Friday, April 20, 2018

Friday Ramble - Patience

As I started off on the Friday ramble this week, the word that came to mind was patience, although I have already written a ramble on that word.

This week's offering has its roots in the Middle English pacient, the Middle French patient and the Latin word pati, all meaning to undergo something, to suffer through, get through, or put up with something and do it with grace and dignity - no whining, screaming or going completely off one's nut. It's a fine old word for someone who aspires to authenticity or enlightenment, but it's not a word for wimps and sissies, and true patience is anything but limp, indecisive or docile. Sometimes, it requires bags of forbearance and not a little cussing.

By now, winter snows should have disappeared from the Lanark highlands, and the Two Hundred Acre Wood should be carpeted with northern wildflowers. Alas, recent storms have gifted us with subzero temperatures, a foot or two of new snow (as if we needed that) and bitterly cold winds. We are back in the land of winter, and there will be no wildflowers in our forest for several weeks.  There are times when I think springtime will never come.

What is one to do??? I pick up my camera or paint brush, brew a pot of tea, pummel bread, stir up a fiery curry, go walkabout with Beau, curl up in my favorite chair with a good book. I just breathe, in and out, in and out, in and out.

For some reason, the elegant keyboard sonatas of Domenico Scarlatti (Mikhail Pletnev's recordings) and the Bach preludes (Glenn Gould) tuck everything back into place, and so does the magnificent voice of Dechen Shak-Dagsay, especially her soaring, sung rendition of the Om mantra. Listening to Mozart's Eine kleine Nachtmusik or Die Zauberflöte is always a joy. Wagner's Tristan and Isolde, and Grieg's Holberg Suite work wonders too, and in recent weeks I have also been listening to the creations of Sibelius.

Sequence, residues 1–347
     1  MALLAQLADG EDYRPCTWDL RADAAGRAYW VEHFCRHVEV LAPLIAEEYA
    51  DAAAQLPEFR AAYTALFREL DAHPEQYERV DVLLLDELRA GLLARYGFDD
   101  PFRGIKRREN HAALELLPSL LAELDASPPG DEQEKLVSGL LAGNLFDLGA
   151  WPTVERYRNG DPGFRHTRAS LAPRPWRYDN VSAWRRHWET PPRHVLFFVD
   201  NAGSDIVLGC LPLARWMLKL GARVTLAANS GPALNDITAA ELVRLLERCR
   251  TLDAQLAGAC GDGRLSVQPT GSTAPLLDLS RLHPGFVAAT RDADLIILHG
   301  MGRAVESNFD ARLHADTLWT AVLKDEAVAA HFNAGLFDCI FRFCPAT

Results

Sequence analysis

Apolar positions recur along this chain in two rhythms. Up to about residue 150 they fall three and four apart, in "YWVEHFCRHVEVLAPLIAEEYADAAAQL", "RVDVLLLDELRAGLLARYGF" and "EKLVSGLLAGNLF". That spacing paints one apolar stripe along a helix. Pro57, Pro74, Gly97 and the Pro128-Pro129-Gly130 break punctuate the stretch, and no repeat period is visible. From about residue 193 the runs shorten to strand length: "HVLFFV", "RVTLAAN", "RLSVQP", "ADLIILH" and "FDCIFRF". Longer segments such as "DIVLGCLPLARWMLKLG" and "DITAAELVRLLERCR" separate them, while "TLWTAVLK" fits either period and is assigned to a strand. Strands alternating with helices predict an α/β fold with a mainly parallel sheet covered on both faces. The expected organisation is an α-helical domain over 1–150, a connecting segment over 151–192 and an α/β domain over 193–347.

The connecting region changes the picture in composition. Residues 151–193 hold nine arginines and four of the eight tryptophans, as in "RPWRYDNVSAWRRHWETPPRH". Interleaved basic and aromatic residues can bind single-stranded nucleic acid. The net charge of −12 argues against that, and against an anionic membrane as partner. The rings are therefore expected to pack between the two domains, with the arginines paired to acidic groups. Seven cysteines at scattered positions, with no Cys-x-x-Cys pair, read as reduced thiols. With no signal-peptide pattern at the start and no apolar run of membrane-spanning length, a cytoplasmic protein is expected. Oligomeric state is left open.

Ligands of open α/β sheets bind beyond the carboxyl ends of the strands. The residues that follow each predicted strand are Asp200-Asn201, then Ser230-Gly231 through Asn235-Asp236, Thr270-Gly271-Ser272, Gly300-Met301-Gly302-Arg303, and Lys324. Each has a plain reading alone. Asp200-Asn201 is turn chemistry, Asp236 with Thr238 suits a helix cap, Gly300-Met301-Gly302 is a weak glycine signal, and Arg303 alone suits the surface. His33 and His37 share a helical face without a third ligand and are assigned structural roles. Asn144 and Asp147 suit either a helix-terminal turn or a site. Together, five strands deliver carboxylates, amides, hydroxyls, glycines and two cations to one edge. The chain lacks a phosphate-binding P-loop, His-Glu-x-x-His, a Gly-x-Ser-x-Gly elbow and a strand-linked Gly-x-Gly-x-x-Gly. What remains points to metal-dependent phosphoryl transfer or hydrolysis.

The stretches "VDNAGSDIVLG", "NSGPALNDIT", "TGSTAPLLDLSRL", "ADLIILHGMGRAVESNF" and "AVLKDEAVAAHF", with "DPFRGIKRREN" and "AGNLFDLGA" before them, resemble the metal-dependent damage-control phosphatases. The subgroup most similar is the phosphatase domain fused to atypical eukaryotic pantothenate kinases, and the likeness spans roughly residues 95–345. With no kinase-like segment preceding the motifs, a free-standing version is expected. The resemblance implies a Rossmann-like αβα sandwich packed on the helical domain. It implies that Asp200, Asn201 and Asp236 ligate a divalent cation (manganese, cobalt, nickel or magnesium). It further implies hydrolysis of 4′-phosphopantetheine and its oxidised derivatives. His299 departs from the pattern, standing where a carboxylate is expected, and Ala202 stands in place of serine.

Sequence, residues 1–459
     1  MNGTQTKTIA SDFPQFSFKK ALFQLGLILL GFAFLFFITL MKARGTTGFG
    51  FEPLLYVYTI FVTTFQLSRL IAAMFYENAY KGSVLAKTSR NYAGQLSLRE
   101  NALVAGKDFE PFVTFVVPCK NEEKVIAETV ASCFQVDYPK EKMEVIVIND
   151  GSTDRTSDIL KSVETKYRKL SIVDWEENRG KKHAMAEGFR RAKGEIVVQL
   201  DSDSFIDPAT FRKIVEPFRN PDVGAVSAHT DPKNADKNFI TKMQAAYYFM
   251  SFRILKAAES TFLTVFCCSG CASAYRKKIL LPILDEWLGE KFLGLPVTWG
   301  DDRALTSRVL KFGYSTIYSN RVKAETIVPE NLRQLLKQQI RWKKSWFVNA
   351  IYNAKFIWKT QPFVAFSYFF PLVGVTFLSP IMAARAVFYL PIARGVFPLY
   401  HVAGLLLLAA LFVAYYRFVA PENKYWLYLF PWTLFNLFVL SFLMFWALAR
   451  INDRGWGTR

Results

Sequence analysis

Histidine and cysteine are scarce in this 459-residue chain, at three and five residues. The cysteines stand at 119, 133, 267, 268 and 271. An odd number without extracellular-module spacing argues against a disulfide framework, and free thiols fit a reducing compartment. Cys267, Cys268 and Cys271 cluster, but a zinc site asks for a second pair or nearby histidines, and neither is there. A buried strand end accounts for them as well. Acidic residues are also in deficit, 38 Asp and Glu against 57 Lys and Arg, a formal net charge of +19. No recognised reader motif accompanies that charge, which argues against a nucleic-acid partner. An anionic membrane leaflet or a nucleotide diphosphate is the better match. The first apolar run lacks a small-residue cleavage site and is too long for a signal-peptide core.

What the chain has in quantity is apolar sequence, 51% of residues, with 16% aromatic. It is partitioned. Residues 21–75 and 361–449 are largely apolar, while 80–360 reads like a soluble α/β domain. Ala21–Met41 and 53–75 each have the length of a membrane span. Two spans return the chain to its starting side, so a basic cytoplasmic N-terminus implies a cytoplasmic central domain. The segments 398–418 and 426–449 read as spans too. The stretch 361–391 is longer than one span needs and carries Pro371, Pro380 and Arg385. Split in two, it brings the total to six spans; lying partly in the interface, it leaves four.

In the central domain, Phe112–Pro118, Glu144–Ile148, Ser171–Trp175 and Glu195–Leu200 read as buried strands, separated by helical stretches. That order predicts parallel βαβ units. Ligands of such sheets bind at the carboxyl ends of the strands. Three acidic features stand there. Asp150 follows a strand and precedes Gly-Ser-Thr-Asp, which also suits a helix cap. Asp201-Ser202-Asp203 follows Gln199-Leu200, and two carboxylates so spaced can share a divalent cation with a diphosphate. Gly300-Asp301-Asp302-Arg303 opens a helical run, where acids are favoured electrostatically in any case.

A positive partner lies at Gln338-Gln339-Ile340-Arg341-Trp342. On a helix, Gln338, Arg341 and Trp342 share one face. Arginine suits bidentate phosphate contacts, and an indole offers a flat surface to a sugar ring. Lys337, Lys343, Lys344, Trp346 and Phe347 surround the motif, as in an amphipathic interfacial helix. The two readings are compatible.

Snow or no snow, we head into the highlands and watch the sun rise or set somewhere, frozen cattails swaying along the shore of our favorite lake.  We listen to the north wind in the bare trees, lean against the old rail fence and watch last autumn's desiccated leaves whirl through the air like confetti. We feast our eyes on a radiant crescent of waxing moon in the purple western sky at nightfall.

I am learning that patience is a truly wild and fierce emotion, and that sometimes, being patient with one's self is the hardest thing of all.  Spirit Rock's Jack Kornfield says, “If your compassion does not include yourself, it is incomplete.”  I may get there one of these lifetimes, but I have a very long way to go.

This morning's image is a bloodroot bloom from last year's wanderings around this time. In early spring, the wildflowers emerge from the earth and dead leaves of my favorite place in the whole wide world, and they glow like little suns in the woods.  Absolute perfection, and they leave me breathless when I encounter them.


Barbara Rogers said...

So we all are finding it hard to be patient with the weather and delays as spring comes in spits and flashes.

One Woman's Journey - a journal being written from Woodhaven - her cottage in the woods. said...

this is what I am told repeatedly at this time.
No patience, I want to be like I was last Fall and
I continualy
go over the events,
how can having a tooth pulled
cause what is going on
with Shingles?